Supporting Employment in the Creative IndustriesArts, Culture and Heritage
A new programme to assist job seekers to develop a career in the arts and creative industries was launched in Auckland today by Social Services and Employment Minister Steve Maharey and Associate Arts, Culture and Heritage Minister Judith Tizard.
Pathways to Arts and Cultural Employment (PACE) is a new Work and Income programme for job seekers who list their preferred career choice within the arts and creative industries. (More information: www.winz.govt.nz/find_a_job/arts_culture.html)
“PACE does two very important things,” Steve Maharey said today. “Firstly, it identifies the vital role that Work and Income plays in supporting artists and creative clients to develop their careers, and fully equips case managers with a customised service for these clients. Secondly, it allows artists and cultural workers to register ‘art’ as their first career choice.”
“PACE recognises that art is real work,” said Judith Tizard. “It builds on the commitment made in Labour’s Uniquely New Zealand policy to make a career in the arts and creative industries a viable option.”
Under the PACE programme, job seekers and case managers will have access to information about assistance and funding available for arts and cultural workers available nationwide and in their region. The information will be used to compile personalised Job Seeker Agreements which defines the support beneficiaries can expect from Work and Income to help them get a job, and the obligations they must fulfil to receive a benefit.
“PACE continues the shift that Work and Income has been making from a ‘one size fits all’ approach to a regionally-focused, flexible service where case managers work one-on-one with clients giving them the skills they need to move into a job and to stay there.
“The PACE programme starts on Monday and will build across the country. Regional Commissioners will be working closely with the cultural sector in their communities to refine the support that can made available locally,” said Steve Maharey.
In some regions, notably Dunedin, Nelson and central Auckland, Work and Income and arts organisations have already formed relationships to offer specialised assistance to budding artists, such as the Dunedin Arts Employment Service (a partnership between Dunedin Work & Income and The Higher Trust), and the Arts Work Project in Auckland (a partnership between Work & Income, Creative New Zealand, Auckland City Council, Auckland New Ventures, Artists’ Alliance and the Community Employment Group).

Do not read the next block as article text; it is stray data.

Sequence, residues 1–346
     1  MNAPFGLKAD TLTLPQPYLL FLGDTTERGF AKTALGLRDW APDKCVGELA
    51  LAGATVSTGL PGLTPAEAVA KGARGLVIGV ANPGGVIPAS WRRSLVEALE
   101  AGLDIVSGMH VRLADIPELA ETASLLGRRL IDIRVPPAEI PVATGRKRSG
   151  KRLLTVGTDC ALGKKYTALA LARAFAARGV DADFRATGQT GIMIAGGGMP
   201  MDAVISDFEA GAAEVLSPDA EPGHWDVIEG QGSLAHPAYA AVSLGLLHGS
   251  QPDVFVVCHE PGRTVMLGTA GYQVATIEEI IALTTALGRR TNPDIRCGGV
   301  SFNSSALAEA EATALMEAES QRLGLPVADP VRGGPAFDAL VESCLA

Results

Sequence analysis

Steve Maharey and Judith Tizard launched PACE at Kingsland Central, a studio and showroom in Auckland, where the exhibition “Show Up” showcases the eclectic works of artists, architects, designers, sculptors, fashion designers and other cultural workers who have participated in the Arts Work professional development programme, New Space. They met with two emerging artists, Sparrow Phillips and Paulus McKinnon, who have been helped by Work and Income NZ to develop a sustainable career in the arts. Paulus was last week named by the National Business Review as an artist for collectors to invest in.
Judith Tizard said PACE builds on the investment the Government made in New Zealand’s arts and culture sector last year with the Cultural Recovery Package.
“The Government is committed to ensuring that our individual artists are supported as well as our major arts institutions. For many artists, income can often be the breaking-point issue over whether or not to continue with art. That’s not a decision any emerging artist should have to make. PACE will help them to develop the skills they need to become full-time artists.”
Steve Maharey said he is pleased that Work and Income is part of a cross-Government approach to developing the creative sector, which includes increased support for Creative New Zealand and the Film and Music Commissions, arts participation in Modern Apprenticeships and the Incubator Development Unit.
From Monday, PACE postcards will be available in all Work and Income offices promoting the assistance that can now be provided to people wanting to develop a career in the creative industries. A PACE resource pack, comprising nationwide and region-specific information about the support available, will also be available to clients and case managers from Monday.
PACE - Frequently Asked Questions(FAQs)